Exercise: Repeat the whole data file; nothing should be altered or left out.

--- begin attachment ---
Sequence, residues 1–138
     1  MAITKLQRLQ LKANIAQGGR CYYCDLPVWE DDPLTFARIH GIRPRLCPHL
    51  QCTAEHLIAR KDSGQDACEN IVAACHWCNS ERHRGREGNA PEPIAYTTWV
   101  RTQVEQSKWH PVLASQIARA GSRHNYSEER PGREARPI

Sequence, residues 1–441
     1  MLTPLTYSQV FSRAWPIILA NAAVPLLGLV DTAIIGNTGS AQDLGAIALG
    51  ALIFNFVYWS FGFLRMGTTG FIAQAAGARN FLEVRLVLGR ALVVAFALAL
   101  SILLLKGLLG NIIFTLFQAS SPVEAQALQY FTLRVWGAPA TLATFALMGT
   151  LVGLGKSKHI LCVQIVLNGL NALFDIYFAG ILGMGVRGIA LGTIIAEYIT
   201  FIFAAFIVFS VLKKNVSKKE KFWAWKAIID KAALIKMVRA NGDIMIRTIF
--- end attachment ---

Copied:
Sequence, residues 1–138
     1  MAITKLQRLQ LKANIAQGGR CYYCDLPVWE DDPLTFARIH GIRPRLCPHL
    51  QCTAEHLIAR KDSGQDACEN IVAACHWCNS ERHRGREGNA PEPIAYTTWV
   101  RTQVEQSKWH PVLASQIARA GSRHNYSEER PGREARPI

Sequence, residues 1–441
     1  MLTPLTYSQV FSRAWPIILA NAAVPLLGLV DTAIIGNTGS AQDLGAIALG
    51  ALIFNFVYWS FGFLRMGTTG FIAQAAGARN FLEVRLVLGR ALVVAFALAL
   101  SILLLKGLLG NIIFTLFQAS SPVEAQALQY FTLRVWGAPA TLATFALMGT
   151  LVGLGKSKHI LCVQIVLNGL NALFDIYFAG ILGMGVRGIA LGTIIAEYIT
   201  FIFAAFIVFS VLKKNVSKKE KFWAWKAIID KAALIKMVRA NGDIMIRTIF